Moment of reckoning for Indian ecommerce as valuations plummet

The period of irrational exuberance seems to have come to a temporary halt as VCs and investment firms begin to reappraise what they paid for in the first place.
Written by Rajiv Rao, Contributing Writer

It's almost as if the world woke up and realised that the kings of Indian ecommerce were wearing no clothes.

Yesterday, Indian restaurant search site Zomato, which is in a major battle with Yelp for world dominance, was given a major haircut by HSBC Securities and Capital Markets when the investment firm valued it at around $500 million -- or just half of the valuation at which it raised its last round of funding in September last year. The firm pointed to an over-dependence on online advertisements and haemorrhaging international operations for the markedly lower figure. (The company has raised $225 million since it was funded in 2008.)

This isn't good news for Zomato -- and it won't take much solace in the fact that it is following in the footsteps of Indian ecommerce giant Flipkart who has also experienced the ignominy of a markdown in its net worth recently.

First it was Morgan Stanley and T. Rowe Price, both of whom own hundreds of millions of dollars out of what was once a $15 billion market cap, who respectively decided that Flipkart was worth only $11 billion and $12.75 billion in their investor declarations in late February.

Then two other funds, Valic Co 1 and Fidelity Rutland Square Trust II, who both own a sliver of the company (around $6 million shares) also went the same route and recalibrated the value of their holdings. Valic did it by close to 30 percent while Fidelity went further by chopping the worth of its holdings by close to 40 percent.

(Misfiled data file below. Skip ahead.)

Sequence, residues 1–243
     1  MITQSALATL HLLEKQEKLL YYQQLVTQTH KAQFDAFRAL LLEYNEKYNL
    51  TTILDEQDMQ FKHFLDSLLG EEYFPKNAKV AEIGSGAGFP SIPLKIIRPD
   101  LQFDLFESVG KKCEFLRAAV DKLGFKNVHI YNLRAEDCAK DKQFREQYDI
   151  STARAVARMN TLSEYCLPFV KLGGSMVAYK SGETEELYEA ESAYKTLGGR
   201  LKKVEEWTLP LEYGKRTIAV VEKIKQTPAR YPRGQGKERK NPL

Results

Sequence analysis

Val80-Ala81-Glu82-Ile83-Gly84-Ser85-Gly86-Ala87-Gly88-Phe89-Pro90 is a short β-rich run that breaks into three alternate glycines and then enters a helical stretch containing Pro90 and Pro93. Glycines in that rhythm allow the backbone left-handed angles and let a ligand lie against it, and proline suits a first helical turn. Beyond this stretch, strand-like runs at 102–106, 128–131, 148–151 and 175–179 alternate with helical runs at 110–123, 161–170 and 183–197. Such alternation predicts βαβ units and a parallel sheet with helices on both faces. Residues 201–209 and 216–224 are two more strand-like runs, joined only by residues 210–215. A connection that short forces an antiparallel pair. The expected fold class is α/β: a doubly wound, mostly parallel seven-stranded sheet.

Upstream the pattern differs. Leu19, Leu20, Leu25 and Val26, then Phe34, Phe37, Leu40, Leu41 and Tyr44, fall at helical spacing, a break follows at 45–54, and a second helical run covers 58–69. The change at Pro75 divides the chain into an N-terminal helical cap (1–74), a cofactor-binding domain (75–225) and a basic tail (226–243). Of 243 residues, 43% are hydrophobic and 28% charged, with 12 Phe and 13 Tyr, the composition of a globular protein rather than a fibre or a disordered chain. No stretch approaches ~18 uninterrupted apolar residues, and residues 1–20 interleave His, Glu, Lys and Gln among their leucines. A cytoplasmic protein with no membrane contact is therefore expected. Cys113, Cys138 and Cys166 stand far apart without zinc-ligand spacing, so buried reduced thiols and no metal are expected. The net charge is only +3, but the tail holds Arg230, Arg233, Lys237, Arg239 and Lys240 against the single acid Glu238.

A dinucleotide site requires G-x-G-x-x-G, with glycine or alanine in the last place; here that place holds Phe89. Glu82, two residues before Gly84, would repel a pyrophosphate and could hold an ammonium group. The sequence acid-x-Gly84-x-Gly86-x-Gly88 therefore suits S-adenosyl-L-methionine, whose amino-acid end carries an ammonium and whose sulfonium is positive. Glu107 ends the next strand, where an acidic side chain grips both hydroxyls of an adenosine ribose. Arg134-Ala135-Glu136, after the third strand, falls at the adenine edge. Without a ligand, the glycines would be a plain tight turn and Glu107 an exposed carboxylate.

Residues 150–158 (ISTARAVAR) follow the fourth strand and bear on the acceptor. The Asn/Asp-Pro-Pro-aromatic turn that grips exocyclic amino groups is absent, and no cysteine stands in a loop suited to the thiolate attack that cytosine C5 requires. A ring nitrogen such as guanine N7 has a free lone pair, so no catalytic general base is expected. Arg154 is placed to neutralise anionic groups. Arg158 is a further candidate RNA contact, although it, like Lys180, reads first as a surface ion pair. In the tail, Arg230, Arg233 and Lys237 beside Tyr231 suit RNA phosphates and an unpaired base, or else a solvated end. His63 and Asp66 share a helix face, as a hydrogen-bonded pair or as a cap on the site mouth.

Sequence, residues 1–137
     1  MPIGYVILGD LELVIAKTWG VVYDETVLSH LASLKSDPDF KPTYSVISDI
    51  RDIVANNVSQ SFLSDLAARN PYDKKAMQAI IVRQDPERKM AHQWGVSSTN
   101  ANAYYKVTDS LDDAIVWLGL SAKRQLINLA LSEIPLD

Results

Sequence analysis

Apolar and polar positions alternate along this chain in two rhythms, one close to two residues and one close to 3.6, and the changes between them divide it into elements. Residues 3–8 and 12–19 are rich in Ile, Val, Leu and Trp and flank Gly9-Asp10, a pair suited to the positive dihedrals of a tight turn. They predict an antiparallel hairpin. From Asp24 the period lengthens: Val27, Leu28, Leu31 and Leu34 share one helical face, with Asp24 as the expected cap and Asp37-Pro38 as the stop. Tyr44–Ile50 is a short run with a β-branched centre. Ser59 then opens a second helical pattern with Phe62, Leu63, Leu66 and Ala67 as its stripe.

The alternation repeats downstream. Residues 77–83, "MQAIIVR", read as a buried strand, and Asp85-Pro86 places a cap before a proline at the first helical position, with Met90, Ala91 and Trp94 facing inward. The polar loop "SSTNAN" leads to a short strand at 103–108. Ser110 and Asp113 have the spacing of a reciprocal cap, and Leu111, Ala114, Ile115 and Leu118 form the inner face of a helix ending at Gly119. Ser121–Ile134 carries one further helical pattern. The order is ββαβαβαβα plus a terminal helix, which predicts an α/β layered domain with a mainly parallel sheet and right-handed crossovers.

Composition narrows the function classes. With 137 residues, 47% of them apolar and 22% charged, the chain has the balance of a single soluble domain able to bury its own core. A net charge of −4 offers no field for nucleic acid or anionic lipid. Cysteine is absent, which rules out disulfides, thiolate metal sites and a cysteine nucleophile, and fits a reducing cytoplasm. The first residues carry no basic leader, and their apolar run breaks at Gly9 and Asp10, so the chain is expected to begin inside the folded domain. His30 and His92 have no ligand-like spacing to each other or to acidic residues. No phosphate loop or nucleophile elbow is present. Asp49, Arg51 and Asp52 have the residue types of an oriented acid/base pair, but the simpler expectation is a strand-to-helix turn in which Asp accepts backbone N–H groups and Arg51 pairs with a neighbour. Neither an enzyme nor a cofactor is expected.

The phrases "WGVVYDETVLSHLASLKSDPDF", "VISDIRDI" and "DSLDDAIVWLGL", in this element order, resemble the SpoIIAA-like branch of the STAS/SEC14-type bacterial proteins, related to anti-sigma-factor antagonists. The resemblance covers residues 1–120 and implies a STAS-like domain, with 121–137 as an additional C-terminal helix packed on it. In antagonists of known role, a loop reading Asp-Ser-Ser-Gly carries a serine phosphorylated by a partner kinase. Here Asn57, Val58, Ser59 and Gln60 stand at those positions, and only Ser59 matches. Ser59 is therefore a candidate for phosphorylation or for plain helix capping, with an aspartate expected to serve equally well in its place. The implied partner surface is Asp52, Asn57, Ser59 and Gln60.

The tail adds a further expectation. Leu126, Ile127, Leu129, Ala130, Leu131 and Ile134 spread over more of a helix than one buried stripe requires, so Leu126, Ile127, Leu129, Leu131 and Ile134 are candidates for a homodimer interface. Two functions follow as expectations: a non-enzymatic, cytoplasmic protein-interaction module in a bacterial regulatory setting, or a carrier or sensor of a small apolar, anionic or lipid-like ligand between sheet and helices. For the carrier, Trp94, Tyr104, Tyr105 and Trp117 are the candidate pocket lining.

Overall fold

Flipkart's co-founder Sachin Bansal reacted to this by stating that all this is fine and dandy but doesn't change a thing since it's only a shareholder opinion and nothing more. Flipkart is not raising any money -- which is when a markdown would matter. For now, this is basically an irrelevant exercise, he insinuated

"In the long term, things will take care of themselves. Good times do not last forever and bad times don't either. Things will keep changing and the learning we should take from this is, when the good times come again -- and they will -- we should not fool ourselves thinking that it will remain constant, and remember a downturn will come again," Business Standard newspaper quoted Bansal as saying.

As a few publications have already observed, this is the most down-to-earth prognostication they have heard from this founding team who have been more known for their know-it-all attitude and overweening self-confidence.

Zomato's Deepinder Goyal similarly brushed aside HSBC's devaluation of his firm saying in a blog post that "nobody who knows our business has marked down our valuations. In fact, our existing investors are bullish about us, and are willing to back us further, if needed. But external perceptions of valuations are determined by the state of the market, and the availability of facts to the person who is analysing these numbers."

The fact remains that either everyone has egg on their faces, or no one does. It all depends on who does the finger-pointing in an industry that has always thrived on irrational exuberance. The same investors that are now the de-facto barbers performing haircuts are part of an industry where following the herd and plonking down money chasing either asinine valuations or ideas with paper-thin business models (food delivery companies anyone?) have been de rigueur.

When a company is finally able to go public and then consistently satisfy shareholders every quarter with its performance -- which will depend heavily on profitability, something these ecommerce companies are not altogether familiar with as yet -- only then will talk of valuations become truly worth debating.

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